The design and construction of this complex structure seems almost beyond the capability of existing technical skill and it took CATIA expertise and the know- how of specialized fabricators on three continents to build it. The glass wall is made of three sub-assemblies. The first layer is a 7' wide latticework of light steel framing that attaches to the edge of the cantilevered floor slabs. Second is a high performance structural glass wall, a membrane made of three layers of insulated, laminated glass panels some of which are bent or have operating windows. The third layer is the system of extruded horizontal aluminum fins that cover the joints between glass panels.
Cricusa of Barcelona, a fabricator specializing in curved glass technology, made 43 bent glass panels that consist of a ¼" thick layer of tempered glass, a ½" air gap and a layer of laminated glass comprised of 2 sheets of ¼" glass bonded together using a layer of polyvinyl butyral (PVB) film for strength and sound control. A low-"E" coating of metallic oxide was applied to the third surface of glass to block radiant heat transfer and ultraviolet radiation. To create the folds in the glass, sheets of glass were bent over molds of varying temperature. High optical quality was extremely difficult to maintain because of the complex bends. PVB film was selected for this task because of the need for high precision and because it delivers better optics and strength than is achieved by merely bending the two pieces of glass. Chemical tempering was used in the third layer of glass because of the unusual folds. The horizontal glass panels are all less than 3' wide and are supported by the steel lattice. A tolerance of only 1/8" was specified for the installation of the glass resulting in an extremely smooth transition between glass panels. The custom-extruded aluminum fins that cover the joints between glass panels and provide thermal breaks between panels were custom- extruded in Hong Kong to match facade angles. Stainless steel rods are used as cross bracing and to reduce the thickness and visual impact of the steel columns. Assembling this complex system was a daunting task requiring skills and precision approaching high quality automotive glazing technology.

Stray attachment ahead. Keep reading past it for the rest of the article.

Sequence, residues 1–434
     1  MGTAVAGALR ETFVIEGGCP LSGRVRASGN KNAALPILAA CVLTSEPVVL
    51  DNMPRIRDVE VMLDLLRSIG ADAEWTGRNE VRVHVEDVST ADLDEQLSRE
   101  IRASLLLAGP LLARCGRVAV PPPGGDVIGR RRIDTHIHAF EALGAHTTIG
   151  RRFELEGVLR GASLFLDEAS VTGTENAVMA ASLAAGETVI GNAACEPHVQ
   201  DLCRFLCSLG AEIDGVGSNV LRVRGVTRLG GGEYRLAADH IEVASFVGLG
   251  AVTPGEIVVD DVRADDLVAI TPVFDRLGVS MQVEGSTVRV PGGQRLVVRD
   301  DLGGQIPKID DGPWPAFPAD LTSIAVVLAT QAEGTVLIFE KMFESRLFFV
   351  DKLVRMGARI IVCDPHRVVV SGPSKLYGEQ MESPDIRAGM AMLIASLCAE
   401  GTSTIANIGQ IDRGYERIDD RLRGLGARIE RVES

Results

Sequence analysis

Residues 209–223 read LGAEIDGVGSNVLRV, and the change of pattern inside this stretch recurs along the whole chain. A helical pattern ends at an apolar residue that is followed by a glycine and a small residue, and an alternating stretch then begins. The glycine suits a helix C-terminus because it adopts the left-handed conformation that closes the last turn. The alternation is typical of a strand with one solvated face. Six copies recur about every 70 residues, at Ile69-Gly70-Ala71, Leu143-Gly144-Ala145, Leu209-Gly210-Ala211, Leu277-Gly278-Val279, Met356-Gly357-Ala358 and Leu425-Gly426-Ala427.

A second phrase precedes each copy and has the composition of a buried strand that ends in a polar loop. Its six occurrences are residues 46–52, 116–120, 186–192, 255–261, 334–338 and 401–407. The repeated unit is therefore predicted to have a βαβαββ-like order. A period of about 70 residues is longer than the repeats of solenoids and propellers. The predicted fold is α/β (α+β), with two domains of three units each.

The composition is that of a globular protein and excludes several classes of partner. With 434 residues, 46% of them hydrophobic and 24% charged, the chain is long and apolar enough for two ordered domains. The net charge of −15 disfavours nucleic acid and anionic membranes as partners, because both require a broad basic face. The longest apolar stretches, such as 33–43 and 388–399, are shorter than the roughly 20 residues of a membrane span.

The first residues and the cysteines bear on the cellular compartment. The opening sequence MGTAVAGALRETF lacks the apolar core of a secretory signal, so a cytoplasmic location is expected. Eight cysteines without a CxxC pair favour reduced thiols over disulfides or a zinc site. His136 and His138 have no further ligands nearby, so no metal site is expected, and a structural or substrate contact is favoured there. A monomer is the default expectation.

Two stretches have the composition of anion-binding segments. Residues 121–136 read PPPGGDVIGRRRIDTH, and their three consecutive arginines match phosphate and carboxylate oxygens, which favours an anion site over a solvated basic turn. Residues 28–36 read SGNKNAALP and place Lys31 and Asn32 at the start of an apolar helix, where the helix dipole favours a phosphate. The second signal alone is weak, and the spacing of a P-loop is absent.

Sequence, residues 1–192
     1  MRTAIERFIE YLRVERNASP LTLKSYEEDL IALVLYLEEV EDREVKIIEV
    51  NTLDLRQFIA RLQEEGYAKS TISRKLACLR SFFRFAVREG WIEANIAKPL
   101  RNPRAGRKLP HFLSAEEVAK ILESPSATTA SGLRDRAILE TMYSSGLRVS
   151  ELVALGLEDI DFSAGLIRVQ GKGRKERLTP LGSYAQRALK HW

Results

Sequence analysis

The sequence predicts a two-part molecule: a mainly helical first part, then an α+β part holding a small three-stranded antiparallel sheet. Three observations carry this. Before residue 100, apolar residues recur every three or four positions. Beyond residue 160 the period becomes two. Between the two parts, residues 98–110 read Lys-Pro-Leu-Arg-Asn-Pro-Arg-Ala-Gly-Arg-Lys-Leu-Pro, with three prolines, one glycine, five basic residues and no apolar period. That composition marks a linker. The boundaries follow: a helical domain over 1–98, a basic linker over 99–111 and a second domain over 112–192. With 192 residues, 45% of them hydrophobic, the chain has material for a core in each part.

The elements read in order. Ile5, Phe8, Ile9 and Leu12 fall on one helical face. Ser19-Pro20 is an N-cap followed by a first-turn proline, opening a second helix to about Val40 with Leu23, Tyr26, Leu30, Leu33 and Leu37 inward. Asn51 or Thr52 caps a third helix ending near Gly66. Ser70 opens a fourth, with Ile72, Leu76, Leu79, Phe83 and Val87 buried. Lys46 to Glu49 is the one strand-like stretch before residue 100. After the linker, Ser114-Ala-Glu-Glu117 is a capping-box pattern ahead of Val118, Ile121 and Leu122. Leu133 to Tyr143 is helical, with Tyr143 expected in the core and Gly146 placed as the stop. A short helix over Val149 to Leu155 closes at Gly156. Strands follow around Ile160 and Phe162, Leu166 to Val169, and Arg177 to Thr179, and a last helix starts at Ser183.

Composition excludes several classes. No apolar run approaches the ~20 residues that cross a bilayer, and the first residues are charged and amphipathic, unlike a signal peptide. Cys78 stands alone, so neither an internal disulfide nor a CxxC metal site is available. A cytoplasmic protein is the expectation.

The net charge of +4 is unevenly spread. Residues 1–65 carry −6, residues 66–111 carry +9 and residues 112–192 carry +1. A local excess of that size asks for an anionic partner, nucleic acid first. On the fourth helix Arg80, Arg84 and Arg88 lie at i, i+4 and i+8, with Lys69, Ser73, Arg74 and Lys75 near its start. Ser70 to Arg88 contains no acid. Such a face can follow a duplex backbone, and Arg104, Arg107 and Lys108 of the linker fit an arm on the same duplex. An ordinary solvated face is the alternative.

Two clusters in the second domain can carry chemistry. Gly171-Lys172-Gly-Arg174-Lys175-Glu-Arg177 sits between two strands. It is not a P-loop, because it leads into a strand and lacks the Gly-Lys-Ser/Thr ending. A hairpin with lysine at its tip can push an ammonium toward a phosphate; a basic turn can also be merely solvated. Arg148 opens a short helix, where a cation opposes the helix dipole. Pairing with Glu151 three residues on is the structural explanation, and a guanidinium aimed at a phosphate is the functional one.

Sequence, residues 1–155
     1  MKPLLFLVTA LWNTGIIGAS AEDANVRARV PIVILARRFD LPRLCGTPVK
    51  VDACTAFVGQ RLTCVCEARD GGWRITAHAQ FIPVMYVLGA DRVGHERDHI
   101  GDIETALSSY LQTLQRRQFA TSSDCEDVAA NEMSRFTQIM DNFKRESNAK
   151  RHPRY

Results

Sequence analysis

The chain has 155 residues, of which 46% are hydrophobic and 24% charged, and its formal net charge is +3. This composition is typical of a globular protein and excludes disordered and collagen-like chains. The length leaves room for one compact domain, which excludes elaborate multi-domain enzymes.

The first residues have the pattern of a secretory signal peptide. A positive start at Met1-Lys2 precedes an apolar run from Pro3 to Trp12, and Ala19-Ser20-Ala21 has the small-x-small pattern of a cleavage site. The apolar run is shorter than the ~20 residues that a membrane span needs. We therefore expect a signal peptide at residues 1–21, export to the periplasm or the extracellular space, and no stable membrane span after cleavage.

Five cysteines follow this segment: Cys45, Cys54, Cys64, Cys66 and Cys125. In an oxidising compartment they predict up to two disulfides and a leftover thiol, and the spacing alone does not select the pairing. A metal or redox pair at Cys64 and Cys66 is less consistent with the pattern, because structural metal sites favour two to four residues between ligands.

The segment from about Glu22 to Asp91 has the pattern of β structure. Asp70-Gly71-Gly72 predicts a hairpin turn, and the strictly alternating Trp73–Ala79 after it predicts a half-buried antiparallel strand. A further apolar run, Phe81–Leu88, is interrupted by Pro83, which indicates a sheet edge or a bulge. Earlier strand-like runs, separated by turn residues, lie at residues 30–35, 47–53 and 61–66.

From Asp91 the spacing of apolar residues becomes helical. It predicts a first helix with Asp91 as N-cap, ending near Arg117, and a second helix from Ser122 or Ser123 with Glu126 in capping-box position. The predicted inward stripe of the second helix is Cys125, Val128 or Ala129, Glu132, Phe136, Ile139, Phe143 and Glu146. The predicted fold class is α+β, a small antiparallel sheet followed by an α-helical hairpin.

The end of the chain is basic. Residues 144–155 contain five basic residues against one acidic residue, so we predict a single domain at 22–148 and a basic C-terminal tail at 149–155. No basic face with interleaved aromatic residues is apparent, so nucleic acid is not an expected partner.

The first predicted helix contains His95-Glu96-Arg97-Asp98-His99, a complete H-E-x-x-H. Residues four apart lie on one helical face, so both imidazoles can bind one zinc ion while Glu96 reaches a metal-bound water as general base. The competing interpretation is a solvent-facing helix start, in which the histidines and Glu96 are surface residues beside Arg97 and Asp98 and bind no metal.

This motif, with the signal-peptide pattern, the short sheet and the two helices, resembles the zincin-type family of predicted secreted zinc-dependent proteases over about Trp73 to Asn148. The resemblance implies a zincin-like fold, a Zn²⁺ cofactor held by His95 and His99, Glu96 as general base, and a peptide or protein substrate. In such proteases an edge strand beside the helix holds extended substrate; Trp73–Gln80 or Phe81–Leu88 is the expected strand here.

The curtain wall manufacturer was the UAD Group and New York-based consultant Israel Berger & Associates who modeled and engineered the complex membrane using CATIA software to determine with precision the geometries of each glass panel and its relationship to the underlying substructure. Three groups of components were used to construct the different areas of the curtain wall: the sloping glass bend lines, three on the 4th, 5th, 6th floors and one on the 9th floor. The inclined horizontal extrusions were applied at four different angles, 8, 14,99, 23, including the typical 90-degree, and the cambered floor edges. The facade was assembled in Brooklyn and installed by suspending the glass panels off the steel substructure on site.
One inch thick laminated structural glazing using frameless spider fittings and tension rods is used in several places where the layered outer wall was not suitable: to make closure at the top of the facade, where a clerestory element extends above the top of the wall framing a 2-story high void the extends down into the space of the living room. Structural glass was also used for terrace balustrades, running the complete width of the façade, and as an entrance canopy at the ground floor. This canopy cantilevers out over a ramp that gives access to the level of the porch that is several feet above the level of the sidewalk. Finished in a special terrazzo, the ramp forms a transitional space between the active streetscape and the building interior reaffirming a reoccurring theme of the design, the mediation between old and new.
Together, these three layers define a "vertical landscape" varying in depth from a few inches to several feet that encloses the building continuously along the west side. The mesh of the wrapped steel latticework resembles a crystalline fractal landform of some kind (see FracHill) transparent, faceted, iridescent, and tilted in a vertical position. It seems formed as if by a geologic event, geometric but chaotic, the result of a parametric process.
The smallish, freestanding steel columns, continuous tilted glass walls, the deep glass railings, and especially the ingenious clerestory lantern that allows the glass to extend several feet forward and above beyond the edge of the roof creates the sensation of continuous open space, vertically and horizontally. In the duplex on the top three floors the vertical space extends through 3 floors so that the terraces are experienced as the extension of the inner voids of the living spaces.
One may wonder why so much technically precocious expertise has been lavished on one small building on a rather ordinary street. But the spectacular spatial luminesce of the interiors of the upper floors takes the idea of the free plan to an entirely new level. The dark interiors of the typical SoHo loft resurrected from the remains of industrial uses has here been transformed into this loft to end all lofts complete with a white epoxy Kryptonite-like floor; an otherworldly, seamless material suitable for a heavenly place at the top of the world.
Architectural Record, Nov. 2004, pp. 198-.
Duran, Sergi Costa, High Density Housing Architecture, Loft Publications, Barcelona, 2009, pp. 66-73.
>Architecture + Urbanism, Mar., 2007, pp. 136-39.
Killory, Christine & René Davids, "Greenwich Street Project", Details in Contemporary Architecture, Princeton Architectural Press, New York, 2007, pp. 18-25.
Lillande, Ann,"Bent Glass;Undulating and Insulating", Glass Magazine, May 1, 2005.
Ryan, Raymund, "Winka Dubbeldam in Manhattan", The Plan, 2009.
Schoeneman, Deborah,"Down by the Riverside", New York Mazine, Feb. 9, 2004.